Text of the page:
Hawaiian Electric Co. officials were hesitant Tuesday to pick one path as the sole avenue to reduce Hawaii’s high energy costs.
HECO Executive Vice President Robbie Alm told state senators and representatives the state’s electricity providers have to reduce the amount of oil-fueled energy, but also need to explore the possibilities of an interisland cable transferring power from one island to another, bringing liquefied natural gas in large quantities to the state and increasing the renewable energy portfolio.
“You’ve got to do it all,” Alm said during a Senate information hearing that was streamed online. “The cable could be stopped. The environmental community is objecting to LNG. It’s not possible for Hawaii to pick a single route and put all our eggs in one basket. It ends up not working, then oil keeps blowing us up.”
Senators, particularly Commerce and Consumer Protection Chairwoman Rosalyn Baker, D-Maui, and Sen. Malama Solomon, D-North Hawaii, took Alm, Hawaii Electric Light Co. President Jay Ignacio and Maui Electric Co. Sharon Suzuki, to task, particularly for what they perceived to be a lack of focus on consumers.
“Customers using candles at night?” Solomon said, referring to comments from Public Utilities Commissioner Lorraine Akiba earlier in the hearing. “You’ve got to excuse me for sounding angry. I’ve been chasing this for 30 years. Renewables can reduce the cost, the cost can be passed on to the consumer. That’s why I’m saying you’ve all got to take a class in basic economics. It’s not telling people, hey, cut back, cut back. We go to renewables to save costs and pass those on.”
Alm said it comes back to reducing the amount of oil burned.
“I’m looking for something more immediate than that,” Baker said. “Be more customer-focused.”
Gov. Neil Abercrombie on Monday evening announced the state and HECO reached an agreement that resulted in HECO withdrawing a 4.2 percent HELCO rate increase request.
Solomon and Ignacio got into a back-and-forth exchange on HELCO’s electricity prices. Solomon told Ignacio customers have no confidence in the utility anymore. Customers cutting back on energy consumption is one way state residents have protested against rising electricity prices, Solomon added.
“I truly want you to understand that you and I are in total agreement with trying to drive down the cost of energy on the Big Island,” Ignacio said. “We are doing the things that you desire us to do.”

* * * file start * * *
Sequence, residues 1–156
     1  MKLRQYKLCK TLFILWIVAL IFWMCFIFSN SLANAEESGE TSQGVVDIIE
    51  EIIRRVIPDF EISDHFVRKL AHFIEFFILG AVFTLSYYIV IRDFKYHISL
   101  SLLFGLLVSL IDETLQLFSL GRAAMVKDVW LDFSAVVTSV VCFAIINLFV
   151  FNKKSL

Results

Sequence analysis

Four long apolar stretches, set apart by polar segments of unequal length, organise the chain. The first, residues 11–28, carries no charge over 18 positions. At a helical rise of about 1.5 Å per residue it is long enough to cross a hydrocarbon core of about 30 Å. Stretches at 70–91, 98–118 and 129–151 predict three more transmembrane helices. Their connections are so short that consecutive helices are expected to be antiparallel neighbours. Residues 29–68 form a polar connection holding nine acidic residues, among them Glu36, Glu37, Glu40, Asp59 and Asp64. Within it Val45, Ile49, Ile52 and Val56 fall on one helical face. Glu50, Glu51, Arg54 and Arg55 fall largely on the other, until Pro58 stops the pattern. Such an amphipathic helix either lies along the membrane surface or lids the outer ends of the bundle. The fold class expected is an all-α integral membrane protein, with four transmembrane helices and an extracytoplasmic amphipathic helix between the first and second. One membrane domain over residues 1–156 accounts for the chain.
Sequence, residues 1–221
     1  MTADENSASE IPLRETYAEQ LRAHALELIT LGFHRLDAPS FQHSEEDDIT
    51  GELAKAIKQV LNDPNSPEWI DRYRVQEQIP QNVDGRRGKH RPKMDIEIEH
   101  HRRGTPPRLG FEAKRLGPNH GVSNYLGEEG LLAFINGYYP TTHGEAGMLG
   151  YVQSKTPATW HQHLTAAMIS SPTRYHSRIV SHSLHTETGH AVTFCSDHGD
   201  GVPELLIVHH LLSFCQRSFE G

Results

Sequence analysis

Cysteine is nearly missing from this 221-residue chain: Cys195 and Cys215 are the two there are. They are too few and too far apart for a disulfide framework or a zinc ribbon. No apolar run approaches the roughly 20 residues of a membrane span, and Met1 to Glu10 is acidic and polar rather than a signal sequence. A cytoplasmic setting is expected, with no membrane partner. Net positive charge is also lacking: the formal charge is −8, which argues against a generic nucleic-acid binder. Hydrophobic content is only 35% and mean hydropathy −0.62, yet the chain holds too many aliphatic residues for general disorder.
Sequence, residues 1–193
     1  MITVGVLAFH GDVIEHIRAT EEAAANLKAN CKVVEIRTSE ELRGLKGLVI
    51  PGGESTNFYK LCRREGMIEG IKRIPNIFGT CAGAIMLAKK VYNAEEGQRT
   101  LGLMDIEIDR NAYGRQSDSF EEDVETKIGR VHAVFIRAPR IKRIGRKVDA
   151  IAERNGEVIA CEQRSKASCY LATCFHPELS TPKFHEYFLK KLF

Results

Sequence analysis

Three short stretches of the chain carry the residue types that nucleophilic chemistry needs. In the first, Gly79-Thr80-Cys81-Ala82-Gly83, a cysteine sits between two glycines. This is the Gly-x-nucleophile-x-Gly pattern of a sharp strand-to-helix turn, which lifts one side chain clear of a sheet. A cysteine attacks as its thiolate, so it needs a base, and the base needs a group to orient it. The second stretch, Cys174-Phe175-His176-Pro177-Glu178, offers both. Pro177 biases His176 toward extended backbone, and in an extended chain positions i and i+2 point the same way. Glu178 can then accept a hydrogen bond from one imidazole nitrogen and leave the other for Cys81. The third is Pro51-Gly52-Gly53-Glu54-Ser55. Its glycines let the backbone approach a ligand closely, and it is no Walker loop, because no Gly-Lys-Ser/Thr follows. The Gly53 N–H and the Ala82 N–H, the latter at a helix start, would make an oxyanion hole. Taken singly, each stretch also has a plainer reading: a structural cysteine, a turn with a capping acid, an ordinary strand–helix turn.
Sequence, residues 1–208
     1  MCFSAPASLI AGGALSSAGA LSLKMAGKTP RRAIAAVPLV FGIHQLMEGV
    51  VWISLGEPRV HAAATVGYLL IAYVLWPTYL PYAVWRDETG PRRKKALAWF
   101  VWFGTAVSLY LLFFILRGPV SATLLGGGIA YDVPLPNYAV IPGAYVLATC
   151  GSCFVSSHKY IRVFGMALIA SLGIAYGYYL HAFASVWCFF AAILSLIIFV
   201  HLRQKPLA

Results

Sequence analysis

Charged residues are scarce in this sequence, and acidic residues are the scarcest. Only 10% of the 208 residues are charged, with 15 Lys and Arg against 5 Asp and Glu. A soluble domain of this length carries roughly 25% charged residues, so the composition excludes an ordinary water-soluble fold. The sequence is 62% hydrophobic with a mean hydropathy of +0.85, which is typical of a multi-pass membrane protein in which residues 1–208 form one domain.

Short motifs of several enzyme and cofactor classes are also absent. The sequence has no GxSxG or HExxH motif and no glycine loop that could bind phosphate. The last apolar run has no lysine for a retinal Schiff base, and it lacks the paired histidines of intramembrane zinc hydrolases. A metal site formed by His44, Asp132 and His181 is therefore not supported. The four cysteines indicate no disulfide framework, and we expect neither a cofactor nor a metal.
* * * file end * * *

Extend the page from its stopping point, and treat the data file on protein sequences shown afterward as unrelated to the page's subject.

Part of the problem, energy officials said, is that older contracts with independent, renewable energy providers are based on avoided costs. That ties the price HELCO pays for some wind energy, for example, to the price HELCO would be paying to generate that same amount of energy with oil.
Ignacio, at a Hawaii County Council meeting last year, said one Puna Geothermal Venture contract that included an avoided cost provision did not expire until 2027. HELCO did not respond to a request seeking information about other contracts.
The less energy customers use, the more the utilities have to charge to cover their costs, officials said, adding about 70 percent of energy costs here are tied to the cost of oil. Public Utilities Commission Chairwoman Hermina Morita said the state added 55 megawatts of solar power between 2002 and 2011. Solar systems added last year added 50 more megawatts, she said.
“Both the effectiveness of efficiency programs and the high cost of electricity itself are driving up costs,” Morita said.
Rep. Denny Coffman, whose new district spans from Kailua-Kona through Ka‘u, questioned Alm on what kind of incentives the Legislature could create to entice Hawaiian Electric Industries to move away from oil-based power more quickly. Coffman suggested decreasing the amount of money HEI companies could charge customers to recover the cost of oil.
Alm balked at the idea.
“That would simply bankrupt us,” Alm said. “That’s what California did. You don’t cover the utilities’ cost for fuel. Our fuel purchase is 10 times our net income. You don’t cover that, we’re not here.”
Sen. Mike Gabbard, D-Oahu, quoted a December article in Forbes magazine, which noted Hawaiian Electric Industries’ “annualized payout rate of $1.24 per share reflects an attractive dividend yield of 4.9 percent, substantially higher than the industry average of 2.2 percent.” Gabbard asked Alm about the article, and the balance between returns for investors and service to customers.
“The issue is, what’s the proper amount of income at the end?” Alm said. “The net income is the net income. What you then spend it on, dividends, acquiring other companies, growing your stock, whatever you do, is up to you. At 10 percent, we’re in the national average as to what the income is the company receives.”
Gabbard and Rep. Angus McKelvey, D-Maui, also questioned whether Hawaii would be able to bring in enough liquid natural gas to Hawaii, because the United States hasn’t built a properly equipped ship in decades. The Jones Act requires ships bearing cargo to Hawaii be built in the U.S. and based in the U.S.
“There are ways the Jones Act will not prevent us from importing LNG to Hawaii,” Alm said.
Why, Gabbard asked, would providers want to sell the fuel in Hawaii, when ships could skip the state and get paid three times as much in Asian markets?
“Because Hawaii is willing to be a steady importer for a long time,” Alm said. “We’re not a bad market. … Some of it is clearly related to pleasing the president’s home state. We’ll take advantage of that.”